SuperFreakonomics Book Club: Can a Banker's Algorithm Help Catch Would-Be Terrorists?
The SuperFreakonomics Virtual Book Club invites readers to ask questions of some of the researchers and other characters in our book. (Earlier Q&A’s can be found here.)
This week we’re offering up “Ian Horsley.” By day, he is employed in the anti-fraud department of a large British bank; but in his every spare moment for the past few years he has been working hard in collaboration with Steve Levitt to build an algorithm that can identify potential terrorists by their retail banking data. A few excerpts:
He doesn’t work in law enforcement, or in government or the military, nor does anything in his background or manner suggest he might be the least bit heroic. He grew up in the heart of England, the son of an electrical engineer, and is now well into middle age. He still lives happily far from the maddening thrum of London. While perfectly affable, he isn’t outgoing or jolly by any measure; Horsley is, in his own words, “completely average and utterly forgettable.”
The procedure [to build the algorithm] would require two steps. First, assemble all the available data on these hundred-plus suspects [already arrested by British police after the 7/7 bombings] and create an algorithm based on the patterns that set these men apart from the general population. Once the algorithm was successfully fine-tuned, it could be used to dredge through the bank’s database to identify other potential bad guys. Given that the United Kingdom was battling Islamic fundamentalists and no longer, for instance, Irish militants, the arrested suspects invariably had Muslim names. This would turn out to be one of the strongest demographic markers for the algorithm.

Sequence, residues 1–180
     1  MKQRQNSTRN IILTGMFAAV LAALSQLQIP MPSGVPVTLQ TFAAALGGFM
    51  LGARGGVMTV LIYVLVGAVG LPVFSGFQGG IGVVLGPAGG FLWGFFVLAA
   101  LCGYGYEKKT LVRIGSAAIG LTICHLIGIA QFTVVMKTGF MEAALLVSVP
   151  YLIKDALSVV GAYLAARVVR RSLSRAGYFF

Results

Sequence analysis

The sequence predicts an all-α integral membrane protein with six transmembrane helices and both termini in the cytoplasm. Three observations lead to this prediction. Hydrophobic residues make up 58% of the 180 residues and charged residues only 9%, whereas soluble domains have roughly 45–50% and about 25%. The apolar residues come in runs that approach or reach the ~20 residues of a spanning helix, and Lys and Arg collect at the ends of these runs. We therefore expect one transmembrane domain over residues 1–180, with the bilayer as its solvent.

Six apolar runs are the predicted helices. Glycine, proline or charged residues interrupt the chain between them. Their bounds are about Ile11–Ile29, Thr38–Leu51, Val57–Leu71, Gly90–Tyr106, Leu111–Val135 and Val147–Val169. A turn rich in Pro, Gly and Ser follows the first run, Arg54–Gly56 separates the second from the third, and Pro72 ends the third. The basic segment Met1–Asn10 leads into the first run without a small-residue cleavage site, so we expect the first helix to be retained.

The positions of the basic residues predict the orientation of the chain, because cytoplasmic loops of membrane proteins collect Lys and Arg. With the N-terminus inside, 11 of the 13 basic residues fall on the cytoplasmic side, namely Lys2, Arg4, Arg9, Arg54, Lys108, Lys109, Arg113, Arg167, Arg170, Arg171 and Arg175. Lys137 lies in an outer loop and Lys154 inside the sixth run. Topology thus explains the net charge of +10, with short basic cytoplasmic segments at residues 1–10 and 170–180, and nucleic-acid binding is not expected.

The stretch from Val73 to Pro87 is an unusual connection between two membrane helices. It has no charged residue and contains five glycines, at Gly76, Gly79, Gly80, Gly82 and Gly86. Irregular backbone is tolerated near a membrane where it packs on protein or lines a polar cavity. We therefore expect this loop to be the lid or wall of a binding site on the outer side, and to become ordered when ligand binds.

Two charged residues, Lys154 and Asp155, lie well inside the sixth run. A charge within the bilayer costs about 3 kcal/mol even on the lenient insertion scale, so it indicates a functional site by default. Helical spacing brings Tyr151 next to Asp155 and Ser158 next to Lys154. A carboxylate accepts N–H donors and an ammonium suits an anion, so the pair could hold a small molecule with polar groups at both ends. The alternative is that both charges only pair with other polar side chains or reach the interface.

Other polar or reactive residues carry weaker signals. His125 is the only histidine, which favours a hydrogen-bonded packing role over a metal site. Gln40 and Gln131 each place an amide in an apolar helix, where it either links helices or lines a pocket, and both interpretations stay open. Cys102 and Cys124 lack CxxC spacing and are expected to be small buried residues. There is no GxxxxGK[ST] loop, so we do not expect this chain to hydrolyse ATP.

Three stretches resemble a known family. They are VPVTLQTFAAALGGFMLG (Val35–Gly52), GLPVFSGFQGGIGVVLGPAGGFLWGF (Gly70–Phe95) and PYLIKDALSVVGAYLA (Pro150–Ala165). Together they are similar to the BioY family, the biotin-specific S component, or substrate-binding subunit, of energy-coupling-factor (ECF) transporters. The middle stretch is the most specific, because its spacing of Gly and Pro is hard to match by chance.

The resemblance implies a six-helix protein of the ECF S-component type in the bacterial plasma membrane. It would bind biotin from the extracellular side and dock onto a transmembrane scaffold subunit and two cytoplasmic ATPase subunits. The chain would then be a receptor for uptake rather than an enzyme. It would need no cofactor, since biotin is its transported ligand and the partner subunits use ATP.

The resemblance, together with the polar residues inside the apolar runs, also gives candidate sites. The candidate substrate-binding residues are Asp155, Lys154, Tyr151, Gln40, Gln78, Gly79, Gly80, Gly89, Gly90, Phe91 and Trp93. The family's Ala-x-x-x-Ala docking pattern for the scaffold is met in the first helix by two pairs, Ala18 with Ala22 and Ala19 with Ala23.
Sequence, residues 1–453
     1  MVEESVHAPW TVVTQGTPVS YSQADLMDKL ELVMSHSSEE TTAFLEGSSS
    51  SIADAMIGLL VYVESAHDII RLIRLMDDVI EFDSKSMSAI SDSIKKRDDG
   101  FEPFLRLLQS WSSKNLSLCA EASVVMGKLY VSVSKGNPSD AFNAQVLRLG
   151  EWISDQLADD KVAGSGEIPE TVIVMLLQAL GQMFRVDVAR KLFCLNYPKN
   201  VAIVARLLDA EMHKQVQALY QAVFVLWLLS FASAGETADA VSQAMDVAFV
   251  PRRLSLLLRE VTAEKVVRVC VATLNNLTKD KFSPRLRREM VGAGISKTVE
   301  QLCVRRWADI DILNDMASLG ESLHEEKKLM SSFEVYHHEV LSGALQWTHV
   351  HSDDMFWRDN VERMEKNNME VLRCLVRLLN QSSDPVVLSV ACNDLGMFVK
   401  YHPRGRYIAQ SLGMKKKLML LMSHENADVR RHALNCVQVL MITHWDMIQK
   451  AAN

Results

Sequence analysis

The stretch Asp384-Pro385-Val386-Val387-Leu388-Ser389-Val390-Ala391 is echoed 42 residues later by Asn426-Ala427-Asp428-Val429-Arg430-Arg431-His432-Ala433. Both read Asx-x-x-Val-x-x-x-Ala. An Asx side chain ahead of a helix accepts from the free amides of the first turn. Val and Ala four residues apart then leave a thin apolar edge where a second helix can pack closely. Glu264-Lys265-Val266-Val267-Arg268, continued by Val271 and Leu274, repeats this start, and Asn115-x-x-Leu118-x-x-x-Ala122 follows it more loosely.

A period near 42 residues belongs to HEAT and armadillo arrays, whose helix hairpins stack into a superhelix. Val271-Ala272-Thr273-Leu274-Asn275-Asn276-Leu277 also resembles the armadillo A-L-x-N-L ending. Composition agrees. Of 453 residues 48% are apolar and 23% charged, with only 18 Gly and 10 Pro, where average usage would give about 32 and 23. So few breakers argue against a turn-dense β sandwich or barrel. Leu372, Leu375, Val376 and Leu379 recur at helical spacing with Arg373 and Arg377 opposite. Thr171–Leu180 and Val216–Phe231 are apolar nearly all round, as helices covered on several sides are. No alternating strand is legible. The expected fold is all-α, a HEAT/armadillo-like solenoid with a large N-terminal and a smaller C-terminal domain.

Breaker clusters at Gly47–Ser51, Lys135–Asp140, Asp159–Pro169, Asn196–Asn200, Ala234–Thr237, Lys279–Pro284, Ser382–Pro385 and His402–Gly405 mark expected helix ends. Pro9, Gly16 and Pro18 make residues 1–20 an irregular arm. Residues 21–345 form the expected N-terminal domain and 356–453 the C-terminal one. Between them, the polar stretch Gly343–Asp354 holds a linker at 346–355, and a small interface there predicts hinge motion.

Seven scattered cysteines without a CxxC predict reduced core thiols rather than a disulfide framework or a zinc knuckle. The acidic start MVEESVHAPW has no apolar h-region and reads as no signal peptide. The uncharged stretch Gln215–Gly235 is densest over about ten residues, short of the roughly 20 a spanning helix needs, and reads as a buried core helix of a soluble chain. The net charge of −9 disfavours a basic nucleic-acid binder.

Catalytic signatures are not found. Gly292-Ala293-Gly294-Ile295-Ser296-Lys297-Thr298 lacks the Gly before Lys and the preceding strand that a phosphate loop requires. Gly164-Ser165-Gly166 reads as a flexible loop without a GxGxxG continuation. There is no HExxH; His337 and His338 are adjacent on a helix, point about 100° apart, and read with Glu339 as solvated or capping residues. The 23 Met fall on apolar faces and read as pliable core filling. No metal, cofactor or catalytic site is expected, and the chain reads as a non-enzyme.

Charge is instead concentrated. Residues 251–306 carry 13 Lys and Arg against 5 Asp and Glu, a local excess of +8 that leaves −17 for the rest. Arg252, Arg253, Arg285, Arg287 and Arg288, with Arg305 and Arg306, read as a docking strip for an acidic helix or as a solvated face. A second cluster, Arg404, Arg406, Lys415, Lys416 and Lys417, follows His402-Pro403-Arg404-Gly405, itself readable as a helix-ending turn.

There were also some prominent negative indicators. The data showed that a would-be terrorist was disproportionately unlikely to:
Have a savings account
Withdraw money from an ATM on a Friday afternoon
Buy life insurance
The no-ATM-on-Friday metric would seem to be a proxy for a Muslim who attends that day’s mandatory prayer service. The life-insurance marker is a bit more interesting. Let’s say you’re a twenty-six-year-old man, married with two young children. It probably makes sense to buy some life insurance so your family can survive if you happen to die young. But an insurance company may not pay out if the policyholder commits a suicide bombing. So a twenty-six-year-old family man who suspects he may one day blow himself up may not waste money on life insurance.
As of this writing, Horsley has handed off the list of 30 to his superiors, who in turn have handed it off to the proper authorities. Horsley has done his work; now it is time for them to do theirs. Given the nature of the problem, Horsley may never know for certain if he was successful. And you, the reader, are even less likely to see direct evidence of his success because it would be invisible, manifesting itself in terrorist attacks that never happen.